4. Coriander kindles agni without increasing pitta, because it is cooling. It’s the perfect balance to the heating spices in any dish while also promoting good digestion. It also helps digest toxins, alleviates thirst, and lifts the spirits!

NOTE: Spices 5 through 9 are pictured above in the top row, left to right.

5. Curry powders are as varied as there are spice manufacturers and Indian households. They contain several and up to twenty spices, including ground cayenne and turmeric, which give curries their golden color. All commercial curry powders range from hot to hotter, which means a little goes a long way. Curry powder tends to be excellent for kapha types and kapha problems, such as congestion. In excess curry will aggravate vata and pitta problems. Cayenne makes me itch—a pitta problem, for sure!

6. Asafetida (hing) is heating and an excellent spice for calming vata and kapha, but it should only be used in near miniscule amounts, or it becomes toxic to the body as well as increasing pitta. It helps clear vata in the digestive tract, treating bloating, flatulence, and intestinal pain, so recipes using hard legumes often call for asafetida. It is used in Ayurvedic medicine to clear ama and is used to treat cough and asthma as well as for high vata conditions such as paralysis, sciatica, and epilepsy. If you are gluten-intolerant, you will need to read the label. Most asafetida (also spelled asafoetida) sold in Asian grocery stores is cut with gluten. The Savory Spice chain sells gluten-free asafetida.

7. Black mustard seeds are pungent and bitter with a heating effect. They stimulate agni, warm the digestive system, and clear sluggish congestion. They are also used in Ayurvedic medicines to treat lung problems, arthritis, and to clear ama.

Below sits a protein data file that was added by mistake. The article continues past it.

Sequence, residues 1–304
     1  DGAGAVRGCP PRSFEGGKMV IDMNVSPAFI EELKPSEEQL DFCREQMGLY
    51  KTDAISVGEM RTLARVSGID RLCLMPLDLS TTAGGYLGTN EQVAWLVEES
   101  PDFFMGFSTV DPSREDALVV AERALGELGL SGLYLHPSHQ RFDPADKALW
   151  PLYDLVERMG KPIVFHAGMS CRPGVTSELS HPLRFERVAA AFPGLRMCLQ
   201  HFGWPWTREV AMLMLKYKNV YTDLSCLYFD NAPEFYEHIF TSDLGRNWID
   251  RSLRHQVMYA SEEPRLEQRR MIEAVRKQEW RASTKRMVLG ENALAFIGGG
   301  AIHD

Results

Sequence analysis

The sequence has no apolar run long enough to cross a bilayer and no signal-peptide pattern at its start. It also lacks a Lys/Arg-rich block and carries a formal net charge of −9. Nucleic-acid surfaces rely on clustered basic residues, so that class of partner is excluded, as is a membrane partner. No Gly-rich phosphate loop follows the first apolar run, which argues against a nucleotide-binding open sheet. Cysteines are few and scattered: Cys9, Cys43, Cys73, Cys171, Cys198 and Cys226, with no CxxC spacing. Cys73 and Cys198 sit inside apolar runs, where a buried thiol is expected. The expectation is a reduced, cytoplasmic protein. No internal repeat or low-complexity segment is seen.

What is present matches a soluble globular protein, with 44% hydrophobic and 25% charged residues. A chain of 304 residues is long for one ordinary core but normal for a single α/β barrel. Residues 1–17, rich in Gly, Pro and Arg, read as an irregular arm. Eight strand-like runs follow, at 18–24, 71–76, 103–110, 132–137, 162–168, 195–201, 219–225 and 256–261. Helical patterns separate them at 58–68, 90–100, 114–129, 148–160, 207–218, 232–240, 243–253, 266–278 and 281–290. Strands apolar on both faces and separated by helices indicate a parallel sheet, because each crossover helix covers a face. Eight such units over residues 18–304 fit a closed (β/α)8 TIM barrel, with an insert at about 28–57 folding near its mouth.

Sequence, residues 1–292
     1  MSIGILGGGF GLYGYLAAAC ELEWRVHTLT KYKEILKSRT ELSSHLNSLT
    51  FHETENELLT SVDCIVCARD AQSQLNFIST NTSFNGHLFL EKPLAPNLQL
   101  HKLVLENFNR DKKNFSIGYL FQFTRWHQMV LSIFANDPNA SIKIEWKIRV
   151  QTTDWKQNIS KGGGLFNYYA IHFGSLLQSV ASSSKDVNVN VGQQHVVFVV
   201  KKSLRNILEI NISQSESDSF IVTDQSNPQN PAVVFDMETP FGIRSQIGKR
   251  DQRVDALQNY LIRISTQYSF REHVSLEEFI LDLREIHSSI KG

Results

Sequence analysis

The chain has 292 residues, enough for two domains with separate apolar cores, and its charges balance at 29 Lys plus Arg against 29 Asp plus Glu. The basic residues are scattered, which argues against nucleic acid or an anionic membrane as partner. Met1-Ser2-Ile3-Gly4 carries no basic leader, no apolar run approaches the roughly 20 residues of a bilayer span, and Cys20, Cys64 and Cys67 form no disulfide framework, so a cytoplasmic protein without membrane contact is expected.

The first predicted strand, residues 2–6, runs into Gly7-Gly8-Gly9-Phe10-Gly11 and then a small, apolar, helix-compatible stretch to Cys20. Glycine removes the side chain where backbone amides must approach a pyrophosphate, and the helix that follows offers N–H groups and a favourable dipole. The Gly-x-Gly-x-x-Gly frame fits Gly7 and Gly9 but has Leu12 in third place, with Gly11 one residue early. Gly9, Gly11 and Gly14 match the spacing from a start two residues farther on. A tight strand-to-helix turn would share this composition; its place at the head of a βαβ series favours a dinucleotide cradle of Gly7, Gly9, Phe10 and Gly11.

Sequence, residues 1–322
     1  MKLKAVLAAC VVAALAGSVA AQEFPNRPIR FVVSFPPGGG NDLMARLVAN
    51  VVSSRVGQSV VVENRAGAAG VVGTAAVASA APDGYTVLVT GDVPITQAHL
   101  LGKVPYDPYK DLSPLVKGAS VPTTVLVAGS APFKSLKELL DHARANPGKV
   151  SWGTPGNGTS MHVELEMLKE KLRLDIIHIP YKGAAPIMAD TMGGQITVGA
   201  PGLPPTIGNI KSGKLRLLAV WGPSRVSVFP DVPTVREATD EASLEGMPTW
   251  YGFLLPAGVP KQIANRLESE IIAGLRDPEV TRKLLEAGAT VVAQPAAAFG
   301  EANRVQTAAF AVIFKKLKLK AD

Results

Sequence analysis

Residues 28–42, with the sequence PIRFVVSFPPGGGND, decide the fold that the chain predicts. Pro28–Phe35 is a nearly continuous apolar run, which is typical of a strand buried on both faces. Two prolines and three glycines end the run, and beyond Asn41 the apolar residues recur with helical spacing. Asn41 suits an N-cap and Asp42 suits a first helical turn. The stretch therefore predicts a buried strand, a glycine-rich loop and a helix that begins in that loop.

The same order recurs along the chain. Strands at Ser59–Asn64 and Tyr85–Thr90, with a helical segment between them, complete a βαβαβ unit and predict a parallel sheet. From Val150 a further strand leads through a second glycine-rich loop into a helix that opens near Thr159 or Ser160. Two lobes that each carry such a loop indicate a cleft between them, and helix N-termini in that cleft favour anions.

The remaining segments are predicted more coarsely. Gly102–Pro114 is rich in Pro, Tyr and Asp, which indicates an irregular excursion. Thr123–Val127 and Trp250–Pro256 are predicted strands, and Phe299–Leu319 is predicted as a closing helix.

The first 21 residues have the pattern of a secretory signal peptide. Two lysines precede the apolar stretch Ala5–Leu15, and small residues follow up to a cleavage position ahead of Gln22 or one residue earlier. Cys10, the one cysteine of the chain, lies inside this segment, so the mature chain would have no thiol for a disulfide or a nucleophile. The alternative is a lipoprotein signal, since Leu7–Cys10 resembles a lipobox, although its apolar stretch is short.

8. Cardamom, shown here as cardamom pods, is both pungent and sweet with a cooling effect. Cardamom is good for all doshas though in excess will increase pitta because of its pungent quality. Cardamom is excellent for stimulating digestion and treating flatulence, colic, and intestinal pain. I used the pods in this recipe to give a hint of flavor. Most people would not enjoy biting into a whole pod! If you wish, you can open the pod and crush the seeds for a more intense flavor.

9. Curry leaves have a wonderful aromatic flavor to add to soups, stews, and Indian curries. They are sweet, astringent, and pungent, and according to Dr. Vasant Lad, they are fine for all doshas. They are used medicinally in Ayurveda to support digestion and lower blood sugar.

10. Black pepper was also added to this recipe, not only to make it an even 10! Black pepper makes a curry taste more like curry if you’re not using cayenne, and it helps digest the cauliflower. Black pepper is a heating spice that pacifies vata and kapha, and when used in moderation, will not be overp0wering for pitta. Even so, people with pitta problems benefit from avoiding pepper during the warm summer months. Black pepper stimulates agni and helps increase enzyme secretion for the digestive process. It is used medicinally in Ayurvedic treatments for sluggish digestion, abdominal pain, anorexia, lung conditions, and to help remove worms.

Enjoy using some or all of these ancient spices in this timeless Curried Cauliflower Soup!

Notes:  Pole Sebastian. Ayurvedic Medicine, The Principles of Traditional Practice. (Philadelphia. PA: Churchill Livingstone Elsevier, 2006). Cardamom 151; coriander 164-65; cumin 167; hing 197; mustard seeds 230; black pepper 237; turmeric 282.